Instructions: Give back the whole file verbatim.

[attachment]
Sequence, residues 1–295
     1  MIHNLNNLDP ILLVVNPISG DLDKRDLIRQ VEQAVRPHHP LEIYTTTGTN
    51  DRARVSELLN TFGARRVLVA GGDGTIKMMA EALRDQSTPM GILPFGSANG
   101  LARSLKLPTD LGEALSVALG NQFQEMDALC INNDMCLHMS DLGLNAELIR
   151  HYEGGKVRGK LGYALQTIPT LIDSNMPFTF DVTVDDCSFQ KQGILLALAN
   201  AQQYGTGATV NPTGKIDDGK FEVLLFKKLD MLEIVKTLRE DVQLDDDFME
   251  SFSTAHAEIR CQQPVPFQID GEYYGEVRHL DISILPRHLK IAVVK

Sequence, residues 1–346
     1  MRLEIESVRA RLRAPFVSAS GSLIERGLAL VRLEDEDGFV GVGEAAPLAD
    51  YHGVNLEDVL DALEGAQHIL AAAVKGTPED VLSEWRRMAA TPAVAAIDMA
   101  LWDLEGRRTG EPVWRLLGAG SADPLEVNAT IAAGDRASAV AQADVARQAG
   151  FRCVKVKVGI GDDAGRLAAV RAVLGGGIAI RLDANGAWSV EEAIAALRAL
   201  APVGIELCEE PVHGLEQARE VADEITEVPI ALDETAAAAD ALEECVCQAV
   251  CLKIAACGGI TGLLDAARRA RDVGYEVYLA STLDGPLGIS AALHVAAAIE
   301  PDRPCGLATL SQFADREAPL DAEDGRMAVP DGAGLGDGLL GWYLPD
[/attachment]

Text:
Sequence, residues 1–295
     1  MIHNLNNLDP ILLVVNPISG DLDKRDLIRQ VEQAVRPHHP LEIYTTTGTN
    51  DRARVSELLN TFGARRVLVA GGDGTIKMMA EALRDQSTPM GILPFGSANG
   101  LARSLKLPTD LGEALSVALG NQFQEMDALC INNDMCLHMS DLGLNAELIR
   151  HYEGGKVRGK LGYALQTIPT LIDSNMPFTF DVTVDDCSFQ KQGILLALAN
   201  AQQYGTGATV NPTGKIDDGK FEVLLFKKLD MLEIVKTLRE DVQLDDDFME
   251  SFSTAHAEIR CQQPVPFQID GEYYGEVRHL DISILPRHLK IAVVK

Sequence, residues 1–346
     1  MRLEIESVRA RLRAPFVSAS GSLIERGLAL VRLEDEDGFV GVGEAAPLAD
    51  YHGVNLEDVL DALEGAQHIL AAAVKGTPED VLSEWRRMAA TPAVAAIDMA
   101  LWDLEGRRTG EPVWRLLGAG SADPLEVNAT IAAGDRASAV AQADVARQAG
   151  FRCVKVKVGI GDDAGRLAAV RAVLGGGIAI RLDANGAWSV EEAIAALRAL
   201  APVGIELCEE PVHGLEQARE VADEITEVPI ALDETAAAAD ALEECVCQAV
   251  CLKIAACGGI TGLLDAARRA RDVGYEVYLA STLDGPLGIS AALHVAAAIE
   301  PDRPCGLATL SQFADREAPL DAEDGRMAVP DGAGLGDGLL GWYLPD